Ronan Farrow Says Hillary Clinton Tried to Cancel Interview Over Harvey Weinstein Question
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Farrow claims the former presidential candidate, who received fund from Weinstein for her political campaign, tried to cancel a planned interview to avoid getting grilled about Weinstein's sexual abuse scandal.

AceShowbiz - Representatives for former U.S. presidential candidate Hillary Clinton reportedly tried to cancel a planned interview with journalist Ronan Farrow to avoid a grilling about the Harvey Weinstein scandal.

The disgraced movie mogul was outed as an alleged serial sexual predator in a series of exposes in October 2017, and Farrow, who penned one key piece for the New Yorker, reveals he found it extremely "hard" to get people to comment on the record for the explosive article. He even claims he had a chat lined up with Clinton before her aides discovered he was investigating the damning sexual misconduct accusations made against the film producer, and then attempted to pull the sit-down.

"Hillary Clinton had scheduled an interview while it was at the height of the Weinstein reporting and her folks got in touch and said, 'We hear you're working on a big story,' " Farrow recalled during an appearance on breakfast show "Good Morning America" on Wednesday, April 25. "(They) sounded very concerned and tried to cancel that interview."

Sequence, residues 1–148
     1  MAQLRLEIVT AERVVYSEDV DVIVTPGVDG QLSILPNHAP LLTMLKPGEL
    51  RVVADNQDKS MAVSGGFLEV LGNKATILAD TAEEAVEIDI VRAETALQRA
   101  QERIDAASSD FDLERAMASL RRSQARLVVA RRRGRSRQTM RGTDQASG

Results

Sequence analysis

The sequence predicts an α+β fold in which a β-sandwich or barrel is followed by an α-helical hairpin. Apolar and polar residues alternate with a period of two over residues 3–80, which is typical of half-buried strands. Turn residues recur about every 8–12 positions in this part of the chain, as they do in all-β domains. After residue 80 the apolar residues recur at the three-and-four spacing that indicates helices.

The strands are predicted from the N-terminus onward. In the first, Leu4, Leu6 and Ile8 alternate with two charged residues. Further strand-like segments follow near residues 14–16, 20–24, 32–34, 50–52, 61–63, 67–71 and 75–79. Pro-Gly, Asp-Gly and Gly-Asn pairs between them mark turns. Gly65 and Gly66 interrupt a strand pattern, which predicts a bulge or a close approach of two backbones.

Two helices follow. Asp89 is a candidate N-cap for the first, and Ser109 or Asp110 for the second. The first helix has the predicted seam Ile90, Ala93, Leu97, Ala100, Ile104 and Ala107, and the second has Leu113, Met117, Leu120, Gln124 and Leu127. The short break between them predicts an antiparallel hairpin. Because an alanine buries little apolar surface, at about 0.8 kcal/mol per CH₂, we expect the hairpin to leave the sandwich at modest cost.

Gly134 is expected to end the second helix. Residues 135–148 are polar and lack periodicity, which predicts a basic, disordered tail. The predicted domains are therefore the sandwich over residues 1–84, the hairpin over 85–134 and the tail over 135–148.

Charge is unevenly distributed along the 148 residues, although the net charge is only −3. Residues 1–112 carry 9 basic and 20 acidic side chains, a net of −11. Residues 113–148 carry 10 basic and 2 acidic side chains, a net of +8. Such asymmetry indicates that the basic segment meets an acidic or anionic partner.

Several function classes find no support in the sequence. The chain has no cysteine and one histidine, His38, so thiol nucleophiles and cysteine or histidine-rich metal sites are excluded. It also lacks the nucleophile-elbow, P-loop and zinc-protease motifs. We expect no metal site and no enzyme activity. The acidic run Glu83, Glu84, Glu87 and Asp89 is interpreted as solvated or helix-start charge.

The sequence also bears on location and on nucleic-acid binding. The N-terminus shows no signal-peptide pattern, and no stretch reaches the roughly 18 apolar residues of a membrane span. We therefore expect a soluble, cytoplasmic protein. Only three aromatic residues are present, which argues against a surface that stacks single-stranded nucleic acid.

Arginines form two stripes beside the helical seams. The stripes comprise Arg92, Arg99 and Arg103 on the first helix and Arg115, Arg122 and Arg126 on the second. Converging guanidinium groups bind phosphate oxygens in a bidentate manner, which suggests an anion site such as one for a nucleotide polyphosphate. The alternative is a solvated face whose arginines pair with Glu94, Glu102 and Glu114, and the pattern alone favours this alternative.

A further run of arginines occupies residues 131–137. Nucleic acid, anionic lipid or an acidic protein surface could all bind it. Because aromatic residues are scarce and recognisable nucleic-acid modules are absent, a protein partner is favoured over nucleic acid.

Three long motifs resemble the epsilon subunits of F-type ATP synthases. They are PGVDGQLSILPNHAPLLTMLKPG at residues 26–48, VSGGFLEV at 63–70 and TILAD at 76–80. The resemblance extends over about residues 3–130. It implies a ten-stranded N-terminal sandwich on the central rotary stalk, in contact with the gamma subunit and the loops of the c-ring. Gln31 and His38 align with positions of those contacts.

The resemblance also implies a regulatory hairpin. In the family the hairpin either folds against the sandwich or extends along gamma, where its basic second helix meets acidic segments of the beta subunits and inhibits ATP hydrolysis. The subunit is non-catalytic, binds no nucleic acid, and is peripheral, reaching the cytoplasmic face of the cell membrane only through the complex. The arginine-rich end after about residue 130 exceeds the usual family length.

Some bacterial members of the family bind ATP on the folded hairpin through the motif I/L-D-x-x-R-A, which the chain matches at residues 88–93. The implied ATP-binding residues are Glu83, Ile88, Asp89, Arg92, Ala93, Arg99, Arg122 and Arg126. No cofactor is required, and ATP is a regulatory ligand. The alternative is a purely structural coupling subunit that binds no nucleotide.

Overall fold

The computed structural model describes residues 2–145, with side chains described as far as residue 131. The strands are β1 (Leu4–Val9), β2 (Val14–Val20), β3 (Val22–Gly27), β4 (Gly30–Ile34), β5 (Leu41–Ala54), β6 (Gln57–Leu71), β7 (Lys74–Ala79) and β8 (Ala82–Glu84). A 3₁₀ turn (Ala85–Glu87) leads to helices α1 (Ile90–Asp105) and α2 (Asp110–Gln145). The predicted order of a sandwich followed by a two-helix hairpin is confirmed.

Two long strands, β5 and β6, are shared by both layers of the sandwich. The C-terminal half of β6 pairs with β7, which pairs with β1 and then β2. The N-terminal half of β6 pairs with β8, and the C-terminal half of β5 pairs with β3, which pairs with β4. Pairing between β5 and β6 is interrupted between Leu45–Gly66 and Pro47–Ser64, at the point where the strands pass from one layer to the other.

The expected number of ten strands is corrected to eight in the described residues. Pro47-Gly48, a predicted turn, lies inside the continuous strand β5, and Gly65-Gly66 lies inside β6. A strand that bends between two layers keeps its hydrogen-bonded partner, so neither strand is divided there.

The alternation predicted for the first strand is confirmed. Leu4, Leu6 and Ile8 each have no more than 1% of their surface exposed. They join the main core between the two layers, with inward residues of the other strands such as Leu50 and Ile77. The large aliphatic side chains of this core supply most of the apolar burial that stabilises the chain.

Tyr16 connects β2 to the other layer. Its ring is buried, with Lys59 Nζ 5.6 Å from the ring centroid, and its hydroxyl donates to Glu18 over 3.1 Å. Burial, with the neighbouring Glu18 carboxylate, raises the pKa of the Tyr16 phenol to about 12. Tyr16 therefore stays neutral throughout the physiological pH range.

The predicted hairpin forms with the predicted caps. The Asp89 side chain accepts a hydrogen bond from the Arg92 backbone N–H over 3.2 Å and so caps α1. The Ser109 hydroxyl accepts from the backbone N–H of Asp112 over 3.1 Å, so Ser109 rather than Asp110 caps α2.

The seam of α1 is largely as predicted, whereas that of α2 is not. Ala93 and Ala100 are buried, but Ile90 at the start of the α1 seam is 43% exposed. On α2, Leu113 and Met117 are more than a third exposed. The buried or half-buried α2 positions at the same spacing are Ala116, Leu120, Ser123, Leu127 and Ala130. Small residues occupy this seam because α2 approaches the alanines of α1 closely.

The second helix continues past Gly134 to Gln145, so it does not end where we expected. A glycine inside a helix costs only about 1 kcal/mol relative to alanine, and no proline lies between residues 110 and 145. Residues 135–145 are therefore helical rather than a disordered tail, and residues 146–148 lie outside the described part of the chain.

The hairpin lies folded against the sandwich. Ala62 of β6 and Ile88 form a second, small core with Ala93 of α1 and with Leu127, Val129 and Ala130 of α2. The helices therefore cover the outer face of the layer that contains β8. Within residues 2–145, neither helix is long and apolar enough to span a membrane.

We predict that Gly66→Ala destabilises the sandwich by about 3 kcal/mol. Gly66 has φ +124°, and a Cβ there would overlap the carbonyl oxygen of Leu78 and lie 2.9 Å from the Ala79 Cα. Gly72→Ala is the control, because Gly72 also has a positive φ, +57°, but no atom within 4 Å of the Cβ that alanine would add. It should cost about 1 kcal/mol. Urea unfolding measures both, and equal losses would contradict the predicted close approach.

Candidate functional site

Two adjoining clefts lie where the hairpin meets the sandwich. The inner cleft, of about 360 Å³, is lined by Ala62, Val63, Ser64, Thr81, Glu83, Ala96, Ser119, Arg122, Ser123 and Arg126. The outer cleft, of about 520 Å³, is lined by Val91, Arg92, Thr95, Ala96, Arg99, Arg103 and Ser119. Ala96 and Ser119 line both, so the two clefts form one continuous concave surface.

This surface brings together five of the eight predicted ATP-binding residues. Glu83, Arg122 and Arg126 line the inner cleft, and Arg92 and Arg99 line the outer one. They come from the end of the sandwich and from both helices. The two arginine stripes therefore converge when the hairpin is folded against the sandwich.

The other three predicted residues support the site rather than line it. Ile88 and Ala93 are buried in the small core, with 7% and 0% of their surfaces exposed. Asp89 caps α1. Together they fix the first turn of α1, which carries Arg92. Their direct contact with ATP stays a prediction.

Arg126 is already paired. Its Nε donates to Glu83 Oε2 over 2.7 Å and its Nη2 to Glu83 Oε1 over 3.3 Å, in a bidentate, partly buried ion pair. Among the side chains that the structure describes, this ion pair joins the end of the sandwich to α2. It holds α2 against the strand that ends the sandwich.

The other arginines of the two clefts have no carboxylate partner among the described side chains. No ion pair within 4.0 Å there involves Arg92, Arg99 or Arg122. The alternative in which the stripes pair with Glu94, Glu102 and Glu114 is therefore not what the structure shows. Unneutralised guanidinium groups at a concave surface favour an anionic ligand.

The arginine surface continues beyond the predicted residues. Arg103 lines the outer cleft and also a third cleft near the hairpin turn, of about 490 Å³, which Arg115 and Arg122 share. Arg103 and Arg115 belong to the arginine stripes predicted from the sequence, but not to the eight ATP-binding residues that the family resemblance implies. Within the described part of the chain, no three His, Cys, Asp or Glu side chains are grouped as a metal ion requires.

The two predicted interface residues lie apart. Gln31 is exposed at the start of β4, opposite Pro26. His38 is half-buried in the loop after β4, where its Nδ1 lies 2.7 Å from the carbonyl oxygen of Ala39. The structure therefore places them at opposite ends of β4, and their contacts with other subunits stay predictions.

Asked by ABC News anchor George Stephanopoulos if the move was directly related to the Weinstein controversy, Farrow confirmed, "Over the Weinstein stuff." He added, "It was surprising."

It's not clear if Farrow, son of actress Mia Farrow and filmmaker Woody Allen, actually got the opportunity to talk to Clinton about the Weinstein research, for which he was recently named a recipient of a Pulitzer Prize.

The former Secretary of State received thousands of dollars in political campaign funds from Weinstein over the years, and he helped fund her 2016 bid for the White House. It took her five days after the initial expose to release a statement condemning his reported behaviour.

In the eventual statement, released by campaign communications director Nick Merrill, Clinton said, "I was shocked and appalled by the revelations about Harvey Weinstein. The behavior described by women coming forward cannot be tolerated. Their courage and the support of others is critical in helping to stop this kind of behaviour."

Clinton's representatives have yet to respond to the comments Farrow made on "GMA", where he was promoting his new book, "War on Peace: The End of Diplomacy and the Decline of American Influence".

Over 80 women, including actresses Salma Hayek, Gwyneth Paltrow and Lupita Nyong'o, have since gone public with allegations of harassment, sexual assault, or rape against Weinstein. He has denied all allegations of non-consensual sex.

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